“The Norm” is the name for a piece of food that every Soviet citizen considers important, even prestigious to possess, taste, chew, and eat, notwithstanding the fact that it smells bad, almost like excrement. The book is a series of vignettes linked by a moment in each when a character unwraps his or her ration of a substance called “the norm.” It stinks and tastes awful. Children especially hate it, but they, like everyone else, swallow their daily dose. It’s shit, of course, actual human excrement—a pungent symbol of the requisite humiliations of the Soviet system and, perhaps, of life in any oppressive collectivity. Ours included. [1]

There is no rule that says rules cannot be broken

It remains one of the great ironies of the post-1968 West that massive waves of liberation on all fronts ultimately only paved the way for hegemony. This resulted in a drastic reshaping of the possible modes of contestation of different forms of power. How does one rebel against the all-permissive system that shows absolute hegemonic dominance where saying no is meaningless and inconsequential and where resistance is futile? Oppression can be overturned by revolution, but hegemony cannot – it has to be toppled from within. For a rapidly growing majority of those pushed outside of the (shrinking) enclosure of prosperity whose future is collapsing under the crunch of status quo, there is no hope for change. For them, life on this “planet” is no longer possible. The only mode of resistance is rebellion against the established rules.

The world has already seen this type resistance on the global geopolitical scene as a total collective refusal to play by the rules of the neo-liberal world order. The regimes which have refused to follow the established conventions are not new, from Castro and Khomeini, to Iraq, North Africa, Afghanistan and North Korea. The novelty brought in by the rise of the right-wing populism in the West is that it comes from the part of the world that has been the staunchest defender of those rules and is now championing their dismantling.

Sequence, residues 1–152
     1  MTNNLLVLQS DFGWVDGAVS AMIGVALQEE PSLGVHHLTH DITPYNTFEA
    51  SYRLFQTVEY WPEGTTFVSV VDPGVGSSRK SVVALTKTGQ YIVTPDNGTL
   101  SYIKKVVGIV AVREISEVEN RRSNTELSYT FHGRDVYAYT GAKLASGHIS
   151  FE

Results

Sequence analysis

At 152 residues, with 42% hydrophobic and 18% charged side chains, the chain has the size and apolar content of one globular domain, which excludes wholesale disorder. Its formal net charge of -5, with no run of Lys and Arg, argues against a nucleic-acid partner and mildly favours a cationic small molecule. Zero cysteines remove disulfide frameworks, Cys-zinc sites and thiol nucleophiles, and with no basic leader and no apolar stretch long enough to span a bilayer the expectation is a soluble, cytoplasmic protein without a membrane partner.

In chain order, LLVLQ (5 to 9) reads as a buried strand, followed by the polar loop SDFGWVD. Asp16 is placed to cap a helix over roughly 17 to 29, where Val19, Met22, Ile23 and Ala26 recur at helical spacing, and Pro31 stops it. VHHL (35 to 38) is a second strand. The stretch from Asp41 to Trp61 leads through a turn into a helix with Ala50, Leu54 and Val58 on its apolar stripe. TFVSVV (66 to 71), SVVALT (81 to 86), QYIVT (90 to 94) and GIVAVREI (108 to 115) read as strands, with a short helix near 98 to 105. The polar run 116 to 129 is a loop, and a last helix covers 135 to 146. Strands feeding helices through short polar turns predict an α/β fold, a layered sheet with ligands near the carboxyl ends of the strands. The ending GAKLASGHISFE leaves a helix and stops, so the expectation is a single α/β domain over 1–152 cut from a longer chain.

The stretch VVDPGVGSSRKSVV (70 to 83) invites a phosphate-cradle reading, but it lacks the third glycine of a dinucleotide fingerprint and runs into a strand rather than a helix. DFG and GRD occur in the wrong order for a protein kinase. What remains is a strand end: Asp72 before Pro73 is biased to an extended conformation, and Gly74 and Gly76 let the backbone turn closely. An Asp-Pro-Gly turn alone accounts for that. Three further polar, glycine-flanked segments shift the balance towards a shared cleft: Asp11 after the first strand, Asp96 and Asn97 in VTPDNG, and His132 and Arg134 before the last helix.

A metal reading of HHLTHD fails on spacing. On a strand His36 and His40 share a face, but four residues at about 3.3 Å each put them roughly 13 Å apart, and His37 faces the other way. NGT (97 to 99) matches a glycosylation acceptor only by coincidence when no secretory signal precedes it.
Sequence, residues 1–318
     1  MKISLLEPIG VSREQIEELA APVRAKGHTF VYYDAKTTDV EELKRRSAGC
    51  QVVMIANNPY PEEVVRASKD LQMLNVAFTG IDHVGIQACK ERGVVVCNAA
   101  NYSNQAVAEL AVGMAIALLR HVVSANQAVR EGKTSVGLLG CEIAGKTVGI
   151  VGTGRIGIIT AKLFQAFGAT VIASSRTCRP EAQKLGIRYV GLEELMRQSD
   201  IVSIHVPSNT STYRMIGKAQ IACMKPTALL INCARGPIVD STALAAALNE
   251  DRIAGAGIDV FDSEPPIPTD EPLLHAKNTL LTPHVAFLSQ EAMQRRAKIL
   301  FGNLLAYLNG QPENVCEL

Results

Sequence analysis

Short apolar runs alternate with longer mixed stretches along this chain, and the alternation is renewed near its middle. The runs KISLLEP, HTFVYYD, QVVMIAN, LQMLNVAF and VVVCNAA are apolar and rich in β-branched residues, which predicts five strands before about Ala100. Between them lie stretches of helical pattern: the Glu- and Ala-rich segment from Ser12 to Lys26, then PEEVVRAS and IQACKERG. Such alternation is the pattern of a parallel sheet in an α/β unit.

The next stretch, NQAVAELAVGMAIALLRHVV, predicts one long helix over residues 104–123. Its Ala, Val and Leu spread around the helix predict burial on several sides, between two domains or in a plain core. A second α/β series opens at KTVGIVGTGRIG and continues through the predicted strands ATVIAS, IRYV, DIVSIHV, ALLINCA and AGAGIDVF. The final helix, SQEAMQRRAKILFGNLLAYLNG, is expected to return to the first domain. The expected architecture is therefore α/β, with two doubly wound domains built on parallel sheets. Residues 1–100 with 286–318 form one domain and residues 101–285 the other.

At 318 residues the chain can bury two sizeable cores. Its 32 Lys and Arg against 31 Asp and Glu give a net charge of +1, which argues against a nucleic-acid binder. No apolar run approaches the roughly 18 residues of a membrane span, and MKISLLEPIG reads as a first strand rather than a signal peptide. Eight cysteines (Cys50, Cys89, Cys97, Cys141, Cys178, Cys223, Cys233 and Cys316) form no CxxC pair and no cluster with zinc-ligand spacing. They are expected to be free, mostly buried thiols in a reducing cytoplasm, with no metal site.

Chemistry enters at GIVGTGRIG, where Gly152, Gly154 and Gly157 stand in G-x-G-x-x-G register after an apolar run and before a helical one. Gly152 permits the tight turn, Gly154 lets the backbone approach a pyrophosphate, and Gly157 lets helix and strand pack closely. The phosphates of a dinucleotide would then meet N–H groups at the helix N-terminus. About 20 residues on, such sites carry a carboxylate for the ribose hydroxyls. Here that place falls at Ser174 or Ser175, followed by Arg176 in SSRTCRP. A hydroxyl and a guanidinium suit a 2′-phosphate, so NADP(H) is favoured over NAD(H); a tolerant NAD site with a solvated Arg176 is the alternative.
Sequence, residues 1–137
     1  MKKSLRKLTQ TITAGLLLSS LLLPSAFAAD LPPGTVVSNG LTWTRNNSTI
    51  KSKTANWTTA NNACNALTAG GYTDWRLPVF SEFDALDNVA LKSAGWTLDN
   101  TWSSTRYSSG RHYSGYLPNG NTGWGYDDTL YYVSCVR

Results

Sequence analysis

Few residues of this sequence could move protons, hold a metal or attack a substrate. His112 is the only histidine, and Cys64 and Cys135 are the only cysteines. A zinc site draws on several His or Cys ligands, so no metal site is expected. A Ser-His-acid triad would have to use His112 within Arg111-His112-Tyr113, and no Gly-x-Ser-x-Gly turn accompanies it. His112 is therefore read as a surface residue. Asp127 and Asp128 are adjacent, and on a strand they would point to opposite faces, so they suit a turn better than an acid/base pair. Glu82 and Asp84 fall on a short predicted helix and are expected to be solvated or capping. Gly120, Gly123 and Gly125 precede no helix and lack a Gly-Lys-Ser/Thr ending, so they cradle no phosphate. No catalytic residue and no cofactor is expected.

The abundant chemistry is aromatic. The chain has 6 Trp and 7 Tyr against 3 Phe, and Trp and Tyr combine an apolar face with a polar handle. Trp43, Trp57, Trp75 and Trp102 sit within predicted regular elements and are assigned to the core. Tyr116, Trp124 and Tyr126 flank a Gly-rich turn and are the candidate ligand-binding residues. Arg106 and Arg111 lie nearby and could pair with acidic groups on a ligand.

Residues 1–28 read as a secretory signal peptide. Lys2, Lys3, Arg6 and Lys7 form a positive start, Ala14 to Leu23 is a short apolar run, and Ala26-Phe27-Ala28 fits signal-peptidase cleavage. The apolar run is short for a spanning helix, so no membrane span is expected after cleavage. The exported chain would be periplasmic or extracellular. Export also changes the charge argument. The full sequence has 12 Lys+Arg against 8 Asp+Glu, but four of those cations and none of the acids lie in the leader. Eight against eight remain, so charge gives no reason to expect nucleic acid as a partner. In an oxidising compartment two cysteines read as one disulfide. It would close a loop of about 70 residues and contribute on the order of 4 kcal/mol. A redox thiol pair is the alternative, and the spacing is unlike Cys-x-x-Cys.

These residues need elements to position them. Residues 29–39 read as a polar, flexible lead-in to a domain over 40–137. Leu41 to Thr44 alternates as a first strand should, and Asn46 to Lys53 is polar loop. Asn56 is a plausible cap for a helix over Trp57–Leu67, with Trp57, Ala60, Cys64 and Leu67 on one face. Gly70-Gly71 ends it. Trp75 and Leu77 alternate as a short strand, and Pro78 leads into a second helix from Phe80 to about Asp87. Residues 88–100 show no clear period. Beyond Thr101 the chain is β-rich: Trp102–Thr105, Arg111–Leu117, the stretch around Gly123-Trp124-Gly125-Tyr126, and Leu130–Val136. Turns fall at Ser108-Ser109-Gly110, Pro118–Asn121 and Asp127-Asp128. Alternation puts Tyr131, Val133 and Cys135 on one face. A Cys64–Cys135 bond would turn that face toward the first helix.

The war on rules is a decision to exorcise oneself from the existing order of things – it is a declaration of war on oneself, a suicide mission of sorts. It is an exile to another “planet”. Any political or religious leader willing to undertake this mission on behalf of the excluded, is likely to forge a special pact between himself and his constituents. The implicit sacrificial obligation of this commitment, by its very nature, makes that person immune to any defection, or ideological or material corruption, and secures an unconditional, cult-like devotion and support from his following. Even if facts and reality point to his flaws, corruptibility or dishonesty, his commitment alone will ensure a practically unlimited political credit line.

Populism, like space travel, is sustained by the hope that life on another planet is possible. Populist leaders and their followers are faced with the same dilemmas as space travelers. They all carry the willingness to leave the world as we know it and embark on a potentially fatal journey, even if the probability of success is infinitesimal. And that willingness is the most radical act of rule breaking and an absolute weapon against the system that operates on the basis of the exclusion of death.

As long as the leaders stick to their promises, people will cut them slack. Populism’s main agenda is continuous breaking of the rules. The more politically damning their actions, the stronger their commitment appears. The more blatant disrespect for the established conventions and rules they show, no matter how futile and meaningless those empty gestures might be, the firmer the bond between populist leaders and their followers. What is normally perceived as a political suicide becomes the main engine of popularity.

Shit as a universal reference frame

The integrity of our lives, as we know them, is sustained by an extraordinarily fine-tuned set of rules and parameters. Disturbing the rules even slightly leads to qualitative changes. If our body’s temperature changes by one degree, we get sick, if it rises by more than four degrees, we are very likely to die. Inventing new rules means inventing new forms of life[2].

This link between rules and life is the aspect populist leaders, predominantly the right-wing kind, and their followers show no capacity for understanding – their most distinguishing trademark is a deafening cognitive dissonance. But what kind of life can we expect on the populist planet? On Mars, for example, the gravitational constant is three times lower than on Earth and water there boils at 10 degrees Celsius, so no coffee, and no hardboiled eggs for starters. Everyone is at least eight feet tall, their bone density different, blood flow probably seriously compromised, and who knows how that affects the brain.